Discussion in 'Community' started by Violent Violet Menace, Nov 17, 2017.
This was pretty cute ...
Doctor Zhivago. This is a very long movie about one of those star-crossed love affairs between a man and woman who keep losing and finding each other across the Russian Revolution. It’s David Lean, so it’s wonderfully shot and has a fantastic cast, but unlike something like Lawrence, it didn’t feel like it had enough energy to overcome the ponderous dragginess of its over-extended storyline. It is handsome, respectable, admirable, and interminable. For a film about a passionate love affair, it exudes little passion, seeming more interested in how often its characters can crisscross back and forth into each other’s paths.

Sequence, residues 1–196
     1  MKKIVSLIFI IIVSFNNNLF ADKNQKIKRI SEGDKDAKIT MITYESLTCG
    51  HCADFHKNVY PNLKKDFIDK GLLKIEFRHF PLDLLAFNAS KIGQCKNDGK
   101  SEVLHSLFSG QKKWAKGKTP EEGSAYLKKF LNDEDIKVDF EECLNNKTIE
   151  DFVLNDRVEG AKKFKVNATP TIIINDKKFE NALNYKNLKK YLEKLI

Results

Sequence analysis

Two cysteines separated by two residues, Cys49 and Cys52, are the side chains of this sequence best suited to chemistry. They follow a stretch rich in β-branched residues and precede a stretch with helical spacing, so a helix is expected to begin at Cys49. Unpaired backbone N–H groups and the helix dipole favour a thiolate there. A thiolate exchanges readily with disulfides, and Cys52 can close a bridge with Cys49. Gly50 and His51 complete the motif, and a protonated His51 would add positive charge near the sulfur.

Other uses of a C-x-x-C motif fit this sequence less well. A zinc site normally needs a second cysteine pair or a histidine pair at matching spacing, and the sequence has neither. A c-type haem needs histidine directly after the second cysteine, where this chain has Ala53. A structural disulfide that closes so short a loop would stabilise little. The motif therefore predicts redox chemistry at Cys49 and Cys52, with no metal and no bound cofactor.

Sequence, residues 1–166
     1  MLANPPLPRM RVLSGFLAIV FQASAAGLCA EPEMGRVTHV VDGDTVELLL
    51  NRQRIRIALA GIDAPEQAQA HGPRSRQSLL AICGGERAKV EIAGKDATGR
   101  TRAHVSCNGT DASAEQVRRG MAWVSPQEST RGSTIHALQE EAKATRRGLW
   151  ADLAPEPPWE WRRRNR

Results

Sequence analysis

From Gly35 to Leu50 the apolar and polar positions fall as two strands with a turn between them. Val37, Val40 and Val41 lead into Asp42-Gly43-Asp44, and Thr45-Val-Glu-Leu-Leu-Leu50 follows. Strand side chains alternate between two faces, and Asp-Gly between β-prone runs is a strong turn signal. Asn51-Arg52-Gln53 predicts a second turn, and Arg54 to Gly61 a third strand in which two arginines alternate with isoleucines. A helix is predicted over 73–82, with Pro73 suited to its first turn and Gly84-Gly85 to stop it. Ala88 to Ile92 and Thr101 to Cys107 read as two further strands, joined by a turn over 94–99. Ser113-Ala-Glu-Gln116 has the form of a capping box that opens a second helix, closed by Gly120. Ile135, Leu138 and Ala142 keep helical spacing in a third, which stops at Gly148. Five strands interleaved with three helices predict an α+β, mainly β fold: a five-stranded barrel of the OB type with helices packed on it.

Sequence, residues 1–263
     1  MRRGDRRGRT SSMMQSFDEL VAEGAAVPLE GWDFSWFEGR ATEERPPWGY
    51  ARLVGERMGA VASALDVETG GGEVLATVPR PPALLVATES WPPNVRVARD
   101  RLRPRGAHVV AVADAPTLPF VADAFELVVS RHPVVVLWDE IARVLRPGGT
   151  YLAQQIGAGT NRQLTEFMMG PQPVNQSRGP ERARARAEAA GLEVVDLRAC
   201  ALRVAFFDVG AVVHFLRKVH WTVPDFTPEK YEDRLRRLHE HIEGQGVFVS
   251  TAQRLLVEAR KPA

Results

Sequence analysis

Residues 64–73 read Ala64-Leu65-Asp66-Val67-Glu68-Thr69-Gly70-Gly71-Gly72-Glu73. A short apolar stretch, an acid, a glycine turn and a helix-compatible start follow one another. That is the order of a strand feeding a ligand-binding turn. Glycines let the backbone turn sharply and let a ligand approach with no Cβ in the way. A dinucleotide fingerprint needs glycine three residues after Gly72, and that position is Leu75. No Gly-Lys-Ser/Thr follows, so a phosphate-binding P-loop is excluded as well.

Enter Laughing. Carl Reiner’s directorial debut, it’s based off his semi-autobiographical novel about a young would-be actor. It’s pretty hilarious, following his talentless but eager alter ego through a gig in a tiny theater and surrounding him with hilarious supporting characters. The whole thing is just a blast, Reiner’s magnificent sense of humor channeled through a warm, silly story.
Flowers of Youth (2018)